So the sentence means “Has she been snatched away by evil birds?” (I love the passive form for all the reasons Western critics hate it – but that is a whole ‘nother article).

Rikaichan also tells us that the word is transitive (vt), that it is a godan verb ending in u (v5u) and that it is a common, or popular word (P). All of these can be important pieces of information on some occasions. The P for example helps answer the question “Is this an obscure word or one I should be trying to learn?”

Now this is not just a reading tool but a writing tool. You can check your own attempts at conjugation on the fly. If you can’t remember if a ru-ending verb is ichidan or godan, just type it, hover Rikaichan, and you have the answer. Similarly it will tell you what kind of adjective a word is, whether a verb is transitive or intransitive and various other things. As you start incorporating it into your routine you will find that Rikaichan answers a good half of your grammatical questions instantly and on the fly. It will even recognize some common phrases and turns of speech.

But there is another important aspect to Rikaichan. The toolbar. The important point about this is the search box (on Mac you can add the Rikaichan search box to Firefox’s navigation bar so you don’t need the clutter of the whole toolbar – I am not sure if this works on Windows machines too). This is important because it analyzes kanji into their component parts for you. Here is an example. I entered the word 正解 seikai (correct answer or solution) into my Rikaichan search box:


You can click for a bigger view. As you see, you get the readings of the kanji plus a breakdown of their components. And as you see, I have the search-box alone installed beside the address bar of my browser, ready to analyze kanji at all times. The yellow box (I have it yellow as I find it less obtrusive) just pops up over whatever else is on screen. You just click to get rid of it.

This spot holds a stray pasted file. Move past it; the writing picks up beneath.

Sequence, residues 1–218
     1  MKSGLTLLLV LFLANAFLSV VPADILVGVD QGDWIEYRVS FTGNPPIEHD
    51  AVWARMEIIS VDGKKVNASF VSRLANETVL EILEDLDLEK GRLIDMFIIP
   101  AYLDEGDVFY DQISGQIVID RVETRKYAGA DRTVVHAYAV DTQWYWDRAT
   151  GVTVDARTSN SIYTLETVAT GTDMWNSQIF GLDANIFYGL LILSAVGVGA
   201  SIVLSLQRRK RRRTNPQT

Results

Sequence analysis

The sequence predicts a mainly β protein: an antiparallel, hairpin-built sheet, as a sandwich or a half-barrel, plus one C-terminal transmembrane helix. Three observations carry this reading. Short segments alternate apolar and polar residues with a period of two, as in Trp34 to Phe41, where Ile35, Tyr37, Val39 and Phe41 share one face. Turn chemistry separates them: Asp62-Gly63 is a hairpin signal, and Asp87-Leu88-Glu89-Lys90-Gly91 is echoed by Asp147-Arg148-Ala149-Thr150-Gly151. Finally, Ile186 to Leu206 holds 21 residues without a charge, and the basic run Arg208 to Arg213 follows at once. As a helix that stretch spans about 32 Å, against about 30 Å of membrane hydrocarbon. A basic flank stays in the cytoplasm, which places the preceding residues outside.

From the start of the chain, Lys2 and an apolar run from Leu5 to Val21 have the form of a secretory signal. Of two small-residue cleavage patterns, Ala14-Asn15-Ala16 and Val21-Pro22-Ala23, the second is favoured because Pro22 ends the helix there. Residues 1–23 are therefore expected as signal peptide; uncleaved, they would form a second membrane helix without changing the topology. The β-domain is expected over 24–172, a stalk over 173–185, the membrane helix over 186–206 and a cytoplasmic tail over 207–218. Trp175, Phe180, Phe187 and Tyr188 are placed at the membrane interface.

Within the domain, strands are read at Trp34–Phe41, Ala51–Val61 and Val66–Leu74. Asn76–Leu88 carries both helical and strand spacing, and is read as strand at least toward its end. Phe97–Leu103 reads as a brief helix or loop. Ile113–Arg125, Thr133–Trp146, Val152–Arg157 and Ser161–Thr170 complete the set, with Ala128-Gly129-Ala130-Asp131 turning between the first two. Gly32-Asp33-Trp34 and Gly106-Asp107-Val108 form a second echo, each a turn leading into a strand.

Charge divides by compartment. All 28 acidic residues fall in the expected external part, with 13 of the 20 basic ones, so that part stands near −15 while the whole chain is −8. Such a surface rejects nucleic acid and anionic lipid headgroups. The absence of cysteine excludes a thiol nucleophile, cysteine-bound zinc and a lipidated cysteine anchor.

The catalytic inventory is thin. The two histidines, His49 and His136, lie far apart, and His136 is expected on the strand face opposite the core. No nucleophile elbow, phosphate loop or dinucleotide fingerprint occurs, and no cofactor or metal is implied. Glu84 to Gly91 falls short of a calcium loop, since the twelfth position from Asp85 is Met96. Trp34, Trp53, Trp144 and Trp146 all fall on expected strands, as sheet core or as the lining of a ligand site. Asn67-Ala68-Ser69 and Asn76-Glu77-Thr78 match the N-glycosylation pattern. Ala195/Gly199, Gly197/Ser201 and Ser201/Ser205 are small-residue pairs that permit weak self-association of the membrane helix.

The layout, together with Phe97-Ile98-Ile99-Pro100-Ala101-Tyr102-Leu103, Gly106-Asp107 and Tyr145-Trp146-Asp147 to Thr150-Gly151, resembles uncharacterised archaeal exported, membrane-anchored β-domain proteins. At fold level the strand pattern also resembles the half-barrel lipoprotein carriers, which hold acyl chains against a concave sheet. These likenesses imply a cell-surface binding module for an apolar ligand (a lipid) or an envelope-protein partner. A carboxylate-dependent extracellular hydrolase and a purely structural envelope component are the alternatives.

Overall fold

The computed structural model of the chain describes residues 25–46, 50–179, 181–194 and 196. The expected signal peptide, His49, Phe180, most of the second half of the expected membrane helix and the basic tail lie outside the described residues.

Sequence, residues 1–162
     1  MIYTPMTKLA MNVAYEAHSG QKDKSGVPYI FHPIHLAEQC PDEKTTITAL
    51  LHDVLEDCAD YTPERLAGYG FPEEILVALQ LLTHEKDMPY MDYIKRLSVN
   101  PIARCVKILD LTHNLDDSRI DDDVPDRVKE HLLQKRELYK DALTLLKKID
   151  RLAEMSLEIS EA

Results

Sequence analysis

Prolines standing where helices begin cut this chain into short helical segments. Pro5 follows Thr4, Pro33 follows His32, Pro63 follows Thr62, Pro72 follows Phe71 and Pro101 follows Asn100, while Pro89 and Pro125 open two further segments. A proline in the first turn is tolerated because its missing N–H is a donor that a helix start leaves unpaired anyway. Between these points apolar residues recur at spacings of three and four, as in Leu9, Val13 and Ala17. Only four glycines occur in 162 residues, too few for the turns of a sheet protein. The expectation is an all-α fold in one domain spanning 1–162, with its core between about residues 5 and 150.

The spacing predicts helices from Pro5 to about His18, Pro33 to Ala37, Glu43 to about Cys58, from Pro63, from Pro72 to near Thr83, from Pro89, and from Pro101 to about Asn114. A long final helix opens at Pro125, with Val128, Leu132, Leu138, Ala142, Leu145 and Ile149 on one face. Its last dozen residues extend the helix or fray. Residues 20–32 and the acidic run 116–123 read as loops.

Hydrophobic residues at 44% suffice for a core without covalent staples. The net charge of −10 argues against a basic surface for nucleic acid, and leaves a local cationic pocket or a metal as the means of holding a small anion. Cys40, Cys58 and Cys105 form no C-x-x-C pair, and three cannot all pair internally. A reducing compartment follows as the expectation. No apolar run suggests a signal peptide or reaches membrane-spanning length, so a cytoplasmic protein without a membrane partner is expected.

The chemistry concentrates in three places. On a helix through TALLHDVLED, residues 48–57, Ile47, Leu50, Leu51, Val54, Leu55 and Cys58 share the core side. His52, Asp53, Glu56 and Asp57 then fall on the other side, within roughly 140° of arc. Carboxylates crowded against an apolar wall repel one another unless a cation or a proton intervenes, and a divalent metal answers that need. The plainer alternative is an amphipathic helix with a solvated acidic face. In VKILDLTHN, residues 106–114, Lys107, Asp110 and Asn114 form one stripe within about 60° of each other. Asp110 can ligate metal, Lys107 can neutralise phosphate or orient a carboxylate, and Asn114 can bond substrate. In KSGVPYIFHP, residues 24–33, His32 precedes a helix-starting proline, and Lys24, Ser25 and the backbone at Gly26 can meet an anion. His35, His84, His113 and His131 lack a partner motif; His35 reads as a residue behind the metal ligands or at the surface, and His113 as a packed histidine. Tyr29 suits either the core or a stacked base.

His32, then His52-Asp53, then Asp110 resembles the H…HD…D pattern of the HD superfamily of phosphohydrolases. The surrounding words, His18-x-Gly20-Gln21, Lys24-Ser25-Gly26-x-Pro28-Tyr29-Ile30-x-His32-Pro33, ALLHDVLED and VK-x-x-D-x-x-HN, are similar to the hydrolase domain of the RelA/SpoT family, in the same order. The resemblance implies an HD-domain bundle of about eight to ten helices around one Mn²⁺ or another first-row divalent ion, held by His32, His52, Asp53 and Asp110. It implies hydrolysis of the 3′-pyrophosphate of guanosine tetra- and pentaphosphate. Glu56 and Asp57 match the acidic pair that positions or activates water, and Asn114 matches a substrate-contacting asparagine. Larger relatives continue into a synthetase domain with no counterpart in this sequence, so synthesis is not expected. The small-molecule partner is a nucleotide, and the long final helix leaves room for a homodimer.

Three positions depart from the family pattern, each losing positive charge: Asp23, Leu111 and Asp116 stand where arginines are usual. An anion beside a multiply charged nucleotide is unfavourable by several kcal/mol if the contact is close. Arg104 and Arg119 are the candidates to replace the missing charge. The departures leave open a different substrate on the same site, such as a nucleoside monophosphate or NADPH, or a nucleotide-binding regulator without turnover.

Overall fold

I won’t comment too much on the importance of this right now because we talk about learning vocabulary/kanji in various other places. But as you take a logical, meaningful approach to Japanese vocabulary and how it fits together, I promise you, you are going to find this invaluable.

If you are serious about Japanese, Rikaichan is reason enough to choose Firefox browser. It is reason enough to use web-based word-processor so you can check your writing as you go. It is also a good reason to switch to the Thunderbird mail app if you use a mail app. Thunderbird also supports Rikaichan so you can use it to help you read and write your Japanese mail. You can also use the toolbar (or just the search box) to analyze kanji from within your mail app.

We will be talking more about the logic of learning Japanese and how beautifully it all fits together. You will find that Rikaichan makes all of this much easier and more immediately accessible.

Now read about Rikaichan’s big sister (still free, even more powerful)→